Goldilocks would enjoy rafting the Stanislaus River between Knights Ferry and Orange Blossom Park.
Unlike other parts of the Stanislaus — such as Mr. Toads Wild River Class IV+ that can be seriously into whitewater rafting range — it is not too rough to raft for the novice.
And unlike trips down the Truckee River out of Lake Tahoe that are essentially float trips in fairly shallow water, it won’t seem such a boring and soft adventure that a newbie wouldn’t be tempted to jump out and run down river.
The trip between Knights Ferry and Orange Blossom is just right. It is primarily an easy trip that gives you a taste of real rafting.
It contains one “exciting part” — the Russian Rapids aptly described as a beginners’ friendly Class II rapid — as well as enough water movement to make it a low-key rafting trip and not simply a strong float trip. If that is what you are looking for, however, the Stanislaus River stretch from Orange Blossom to the park by the Highway 120 bridge in Oakdale will fill the bill.
July and August are an ideal time to explore the Stanislaus River and get your feet wet rafting for the first time.
The river can still be dangerous but the flows — while still steady thanks to releases upstream from New Melones as well as the trio of Tri-Dam Project dams at Tulloch, Beardsley and Donnell — are still fairly strong even though the river will be at low flow for the rest of the season.
You could try to rent or buy equipment on your own if you are ready to make a fairly serious investment of $1,500 for a basic heavy duty raft, paddles, and life jackets for six people.
Then there is the hassle of not only getting your raft to the start of the run but figuring how to return to your car after you’ve gone downriver seven miles.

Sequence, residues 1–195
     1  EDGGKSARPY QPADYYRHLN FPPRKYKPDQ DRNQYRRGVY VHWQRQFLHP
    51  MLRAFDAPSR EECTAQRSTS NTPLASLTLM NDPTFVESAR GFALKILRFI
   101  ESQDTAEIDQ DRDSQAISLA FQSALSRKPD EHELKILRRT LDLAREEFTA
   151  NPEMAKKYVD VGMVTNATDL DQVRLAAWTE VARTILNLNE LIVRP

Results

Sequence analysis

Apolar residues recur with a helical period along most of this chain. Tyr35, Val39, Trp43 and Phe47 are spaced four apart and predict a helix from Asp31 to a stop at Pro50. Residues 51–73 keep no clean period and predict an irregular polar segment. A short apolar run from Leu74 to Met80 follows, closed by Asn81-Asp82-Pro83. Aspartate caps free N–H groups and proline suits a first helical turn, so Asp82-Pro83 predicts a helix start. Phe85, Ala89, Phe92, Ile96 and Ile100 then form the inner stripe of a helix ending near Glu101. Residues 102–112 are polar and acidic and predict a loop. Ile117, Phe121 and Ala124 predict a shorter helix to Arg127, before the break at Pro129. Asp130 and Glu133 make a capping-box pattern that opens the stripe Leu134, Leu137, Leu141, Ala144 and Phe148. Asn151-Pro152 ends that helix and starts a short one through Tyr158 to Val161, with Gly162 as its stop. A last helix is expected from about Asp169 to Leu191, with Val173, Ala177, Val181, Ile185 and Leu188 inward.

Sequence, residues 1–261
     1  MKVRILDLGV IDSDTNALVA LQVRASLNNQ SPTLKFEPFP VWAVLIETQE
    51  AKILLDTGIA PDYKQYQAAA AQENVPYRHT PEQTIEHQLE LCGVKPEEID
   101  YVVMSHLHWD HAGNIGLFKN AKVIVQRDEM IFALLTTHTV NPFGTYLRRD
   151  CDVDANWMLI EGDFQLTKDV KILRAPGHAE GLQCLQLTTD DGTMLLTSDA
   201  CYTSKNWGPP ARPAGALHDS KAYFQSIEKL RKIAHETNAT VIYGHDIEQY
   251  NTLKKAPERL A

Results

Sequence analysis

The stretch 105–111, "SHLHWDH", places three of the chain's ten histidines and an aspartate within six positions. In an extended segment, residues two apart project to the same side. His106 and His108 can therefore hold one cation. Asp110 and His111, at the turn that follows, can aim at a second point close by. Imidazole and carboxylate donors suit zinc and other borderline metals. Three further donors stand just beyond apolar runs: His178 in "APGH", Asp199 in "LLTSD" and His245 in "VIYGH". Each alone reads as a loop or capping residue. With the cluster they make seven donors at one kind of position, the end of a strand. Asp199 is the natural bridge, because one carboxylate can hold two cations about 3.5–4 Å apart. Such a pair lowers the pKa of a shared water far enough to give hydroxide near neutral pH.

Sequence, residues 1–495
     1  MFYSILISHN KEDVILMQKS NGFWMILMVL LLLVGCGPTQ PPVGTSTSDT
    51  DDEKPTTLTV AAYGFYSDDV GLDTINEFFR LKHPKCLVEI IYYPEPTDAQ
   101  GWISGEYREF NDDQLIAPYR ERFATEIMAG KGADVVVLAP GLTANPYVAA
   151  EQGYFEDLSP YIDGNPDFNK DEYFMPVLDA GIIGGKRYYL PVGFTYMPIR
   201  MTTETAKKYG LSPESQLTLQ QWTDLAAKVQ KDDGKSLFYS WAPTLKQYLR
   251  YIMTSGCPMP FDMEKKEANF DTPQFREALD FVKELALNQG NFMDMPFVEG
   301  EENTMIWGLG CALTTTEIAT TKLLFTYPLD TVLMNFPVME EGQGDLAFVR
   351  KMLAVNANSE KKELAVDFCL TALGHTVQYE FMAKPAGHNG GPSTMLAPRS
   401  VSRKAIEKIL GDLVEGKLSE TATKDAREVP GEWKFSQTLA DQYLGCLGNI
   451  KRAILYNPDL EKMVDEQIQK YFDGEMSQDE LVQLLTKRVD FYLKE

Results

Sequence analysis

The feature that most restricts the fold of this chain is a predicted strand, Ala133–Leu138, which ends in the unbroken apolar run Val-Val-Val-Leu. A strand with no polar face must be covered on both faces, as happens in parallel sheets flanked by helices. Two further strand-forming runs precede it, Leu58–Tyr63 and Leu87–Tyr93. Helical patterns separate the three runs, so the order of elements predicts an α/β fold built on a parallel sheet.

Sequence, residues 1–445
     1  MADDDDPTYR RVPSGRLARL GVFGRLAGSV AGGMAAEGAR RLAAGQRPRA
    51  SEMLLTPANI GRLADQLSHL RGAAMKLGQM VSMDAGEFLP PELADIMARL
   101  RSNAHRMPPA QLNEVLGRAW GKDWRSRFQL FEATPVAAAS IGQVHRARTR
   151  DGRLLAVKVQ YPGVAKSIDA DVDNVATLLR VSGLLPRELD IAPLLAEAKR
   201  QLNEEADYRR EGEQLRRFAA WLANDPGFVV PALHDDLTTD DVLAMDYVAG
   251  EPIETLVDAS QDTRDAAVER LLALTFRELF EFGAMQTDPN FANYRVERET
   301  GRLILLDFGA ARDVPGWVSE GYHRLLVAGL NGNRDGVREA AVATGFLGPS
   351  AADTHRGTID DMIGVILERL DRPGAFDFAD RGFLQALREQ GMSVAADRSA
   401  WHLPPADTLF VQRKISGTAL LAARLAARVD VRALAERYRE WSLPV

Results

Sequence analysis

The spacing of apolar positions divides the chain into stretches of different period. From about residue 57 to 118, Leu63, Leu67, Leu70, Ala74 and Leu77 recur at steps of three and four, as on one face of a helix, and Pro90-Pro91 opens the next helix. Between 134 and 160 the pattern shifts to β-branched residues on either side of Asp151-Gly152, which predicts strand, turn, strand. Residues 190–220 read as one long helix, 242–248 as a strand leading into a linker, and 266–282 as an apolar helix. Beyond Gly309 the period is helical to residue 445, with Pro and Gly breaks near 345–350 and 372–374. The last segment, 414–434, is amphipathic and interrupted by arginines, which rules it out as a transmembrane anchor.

It is why it makes sense to take advantage of the two rafting firms that offer self-guided excursions on the Stanislaus River. The firms that offer rafting out of Knights Ferry are Sunshine Rafting Adventures (raftadventures.com or 209-848-4800) and River Journey Adventures (riverjourney.com or 209-874-4671).
Both have good reputations although my go-to choice is Sunshine Rafting Adventures.
It is kind of amazing that more people in the 209 don’t take advantage of rafting the lower Stanislaus River. There is no other fairly urbanized area in California — including the Great Central Valley — that has firms operating legitimate rafting runs virtually in their front yard.
Manteca to Knights Ferry is less than 45 minutes or 33.7 miles. It’s two miles shorter and the same time if you take Geer Road out of Turlock. And the tri-cities of Oakdale, Riverbank and Escalon are even closer, with the river trips starting just east of Oakdale.
It is also suggested you make reservations that are required well in advance of the day you hope to raft.
Sunshine per person rates for weekdays in July and August are $40 while Saturdays and Sundays, the cost is $44.
Kayaks with a two minimum are $45 per person on weekdays and $50 on either Saturday or Sunday.
The cost covers paddles, life jackets, large and sturdy rafts, shuttle ride (for drivers), and dry boxes.
River Journey rates are $40 weekdays and $44 on Saturday and Sundays, the same as the competition. The kayak rates are also the same.
There is a $5 cost to park your vehicle that is charged by the Army Corps of Engineers that operates the Stanislaus River Park system.
What you can enjoy on the seven-mile trip that typically takes three to four hours is a lot of river time that includes the following highlights as described by Sunshine Adventures:
Hold on to your hats! At the ¼ mile point, Russian Rapids is a class II rapid that provides excitement, yet is still perfect for those new to rafting. Rolling “haystacks” of water provide a challenge in the first mile of your trip. Prepare to get wet.